Chronique | KMFDM - LET GO

Pierre Sopor 30 janvier 2024

KMFDM are keeping up the pace: a year and a half after the release of HYËNA, Sascha Konietzko and Lucia Cifarelli's band are already back with a new batch of anthems that are faithful to their unproven savoir-faire. KMFDM are forty years young now, and although we've often teased their tendency to make one album after another sounding pretty much the same, their latest album stood out with a more surprising approach than its predecessors, as if KMFDM were now old enough not to care about meeting expectations. With its artwork by Aidan 'BRUTE' Hughes and its five-letter title - characteristics shared by the vast majority of its predecessors - LET GO proudly, even brazenly, presents itself as the worthy heir to four decades of ultra heavy beats and various hybrids.

The mix between the heaviness of the riffs and the lightness of the general atmosphere, between the diction of Käpt'n K, still as monolithic as he is charismatic, and a general liveliness that could almost turn into a disco anthem, the title track has all the caracteristics of a KMFDM single. Groovy, with a minimalist chorus made for chanting: it's fun, it's familiar territory, and it's clear that KMFDM are in the same falsely relaxed mood as in recent years. LET GO: the title invites you to let yourself go. Forget your postures, your ideas of stylistic limits and their narrow boxes, KMFDM is having fun and dabbling in everything. And while these trends have always been present, they've been expressed in a totally assertive way in recent years.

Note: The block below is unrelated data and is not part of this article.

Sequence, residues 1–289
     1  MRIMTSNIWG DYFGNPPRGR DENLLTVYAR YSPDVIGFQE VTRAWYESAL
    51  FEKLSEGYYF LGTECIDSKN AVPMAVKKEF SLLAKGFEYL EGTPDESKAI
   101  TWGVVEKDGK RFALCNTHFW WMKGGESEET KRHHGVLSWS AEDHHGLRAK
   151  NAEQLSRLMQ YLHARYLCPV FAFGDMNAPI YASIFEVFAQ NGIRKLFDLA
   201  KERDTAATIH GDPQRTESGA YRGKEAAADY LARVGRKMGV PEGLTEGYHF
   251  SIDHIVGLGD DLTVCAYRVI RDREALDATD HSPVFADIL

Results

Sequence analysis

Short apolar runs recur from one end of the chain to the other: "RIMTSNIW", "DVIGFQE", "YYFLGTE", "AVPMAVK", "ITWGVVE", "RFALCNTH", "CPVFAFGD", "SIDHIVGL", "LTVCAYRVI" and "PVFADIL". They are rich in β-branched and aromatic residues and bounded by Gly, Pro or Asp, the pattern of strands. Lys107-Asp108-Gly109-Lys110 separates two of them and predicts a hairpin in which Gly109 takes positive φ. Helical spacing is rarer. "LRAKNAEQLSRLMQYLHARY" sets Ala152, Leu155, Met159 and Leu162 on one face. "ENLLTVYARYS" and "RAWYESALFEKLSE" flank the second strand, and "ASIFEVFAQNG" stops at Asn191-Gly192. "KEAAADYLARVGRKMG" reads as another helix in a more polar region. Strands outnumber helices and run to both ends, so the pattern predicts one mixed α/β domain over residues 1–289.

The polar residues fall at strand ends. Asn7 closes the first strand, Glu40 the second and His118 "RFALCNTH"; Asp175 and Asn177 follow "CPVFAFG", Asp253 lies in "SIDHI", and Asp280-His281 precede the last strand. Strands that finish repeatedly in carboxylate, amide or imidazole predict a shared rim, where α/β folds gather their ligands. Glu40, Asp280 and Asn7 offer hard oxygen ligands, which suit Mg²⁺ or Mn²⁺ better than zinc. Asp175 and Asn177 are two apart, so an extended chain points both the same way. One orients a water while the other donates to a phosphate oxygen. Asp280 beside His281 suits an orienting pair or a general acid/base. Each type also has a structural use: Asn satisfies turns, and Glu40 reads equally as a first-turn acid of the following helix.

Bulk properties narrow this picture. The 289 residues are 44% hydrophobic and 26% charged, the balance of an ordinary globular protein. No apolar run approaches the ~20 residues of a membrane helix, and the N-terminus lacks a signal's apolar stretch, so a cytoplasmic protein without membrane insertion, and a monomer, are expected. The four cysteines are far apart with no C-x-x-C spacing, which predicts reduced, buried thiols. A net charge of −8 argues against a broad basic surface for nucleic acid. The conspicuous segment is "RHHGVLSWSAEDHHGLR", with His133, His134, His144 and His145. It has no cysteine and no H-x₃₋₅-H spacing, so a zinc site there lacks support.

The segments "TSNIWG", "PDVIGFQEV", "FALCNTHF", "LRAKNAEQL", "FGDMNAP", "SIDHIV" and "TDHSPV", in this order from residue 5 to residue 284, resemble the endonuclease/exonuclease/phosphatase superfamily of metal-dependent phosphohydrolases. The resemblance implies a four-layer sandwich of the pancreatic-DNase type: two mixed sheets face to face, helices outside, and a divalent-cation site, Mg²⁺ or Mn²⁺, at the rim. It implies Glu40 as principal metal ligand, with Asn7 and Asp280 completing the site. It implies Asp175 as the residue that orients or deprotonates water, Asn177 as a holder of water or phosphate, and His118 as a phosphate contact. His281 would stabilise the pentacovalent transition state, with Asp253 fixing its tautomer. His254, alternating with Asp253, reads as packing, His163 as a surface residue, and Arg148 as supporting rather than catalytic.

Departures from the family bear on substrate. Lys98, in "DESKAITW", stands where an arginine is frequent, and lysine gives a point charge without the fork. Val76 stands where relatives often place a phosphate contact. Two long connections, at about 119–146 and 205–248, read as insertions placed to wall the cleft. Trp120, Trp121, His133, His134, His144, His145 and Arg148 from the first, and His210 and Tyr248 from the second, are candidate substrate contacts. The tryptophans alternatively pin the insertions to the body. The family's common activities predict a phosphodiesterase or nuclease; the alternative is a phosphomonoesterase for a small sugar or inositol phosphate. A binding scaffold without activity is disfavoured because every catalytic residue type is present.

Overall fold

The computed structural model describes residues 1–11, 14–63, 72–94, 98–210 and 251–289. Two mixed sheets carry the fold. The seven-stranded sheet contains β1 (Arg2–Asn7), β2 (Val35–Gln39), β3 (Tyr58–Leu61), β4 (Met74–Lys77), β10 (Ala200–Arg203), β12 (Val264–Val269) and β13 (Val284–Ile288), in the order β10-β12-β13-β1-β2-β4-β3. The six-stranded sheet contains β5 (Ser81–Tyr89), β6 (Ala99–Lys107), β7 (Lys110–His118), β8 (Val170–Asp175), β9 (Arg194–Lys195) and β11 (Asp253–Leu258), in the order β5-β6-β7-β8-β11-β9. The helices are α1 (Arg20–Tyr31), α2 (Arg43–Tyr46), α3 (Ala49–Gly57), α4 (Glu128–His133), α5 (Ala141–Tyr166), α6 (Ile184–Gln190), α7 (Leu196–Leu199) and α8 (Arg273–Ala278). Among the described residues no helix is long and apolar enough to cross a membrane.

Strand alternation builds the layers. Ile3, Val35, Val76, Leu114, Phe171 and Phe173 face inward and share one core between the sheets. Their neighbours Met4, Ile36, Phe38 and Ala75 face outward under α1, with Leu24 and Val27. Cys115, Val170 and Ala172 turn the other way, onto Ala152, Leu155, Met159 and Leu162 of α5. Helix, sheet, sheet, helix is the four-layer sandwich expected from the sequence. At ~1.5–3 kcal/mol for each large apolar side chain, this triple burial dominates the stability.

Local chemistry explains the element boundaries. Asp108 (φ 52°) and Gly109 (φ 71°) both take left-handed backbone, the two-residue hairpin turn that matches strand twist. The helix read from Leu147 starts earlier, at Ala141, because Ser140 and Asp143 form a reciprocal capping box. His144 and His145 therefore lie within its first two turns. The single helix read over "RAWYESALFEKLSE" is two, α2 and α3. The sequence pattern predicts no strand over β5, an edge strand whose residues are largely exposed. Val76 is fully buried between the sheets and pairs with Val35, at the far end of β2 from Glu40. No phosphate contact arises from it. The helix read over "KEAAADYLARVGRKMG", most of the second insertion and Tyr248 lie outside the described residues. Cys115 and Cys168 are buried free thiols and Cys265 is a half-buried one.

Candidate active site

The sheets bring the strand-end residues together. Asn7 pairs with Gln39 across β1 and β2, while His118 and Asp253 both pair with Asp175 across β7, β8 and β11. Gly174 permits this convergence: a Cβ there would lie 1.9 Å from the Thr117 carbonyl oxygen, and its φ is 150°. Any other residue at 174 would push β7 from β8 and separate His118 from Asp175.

There's something playful, even exhilarating, about this appetite: brass instruments borrowed from reggae that regularly lend a psychedelic hue, the funk touches corrupted by the guitars of PUSH! the more menacing ambience of NEXT MOVE (a real earworm) and its rap by Andrew 'Ocelot' Lindsley (already present on KMFDM's last two albums), the furiously spat out electro-punk refrains of WHEN THE BELL TOLLS, the nostalgic pop tinged with irony of AIRHEAD, the darkwave melancholy of TOUCH, the heavy Germanic morgue of ERLKÖNIG... Once again, KMFDM's music is enriched by a variety of influences, gaining in richness, diversity and stimulating surprises as it moves away from gruff industrial metal and its satisfyingly primitive efficiency. It's not the first time (the brilliant NIHIL album springs to mind), but we often tend to forget.

We mentioned earlier how the band tickled our nostalgic funny bone with AIRHEAD and its ode to the fantasised 70s and 80s full of consumerism and superficiality: we admit we prefer the flashback offered at the end of the album with WW2023. We're familiar with KMFDM's more political side, and seeing them revisit their 2003 track inspired by the Bush administration's wars with a dub sauce leaves us with a sinister, offbeat aftertaste in our mouths, a reminder that this facade of relaxed fun is not devoid of a certain irony an some apocalyptic pessimism.

In the end, that's where the main interest of LET GO lies, in this very special balance between fun and something darker lurking beneath the surface, between respect for KMFDM's codes and their cosmopolitan tendencies to embrace and incorporate everything into their music, but also in this perpetual reference to the past, to nostalgia, counterbalanced by an attitude turned towards the future, experimentation and modernity. We appreciate just as much identifying those distinctive guitars (albeit more subdued than in the past) as we enjoy the boldness with which they are grafted. KMFDM can allow themselves to do anything without losing their cool-attitude, and LET GO exudes a breath of untouched freshness and almost youthful energy.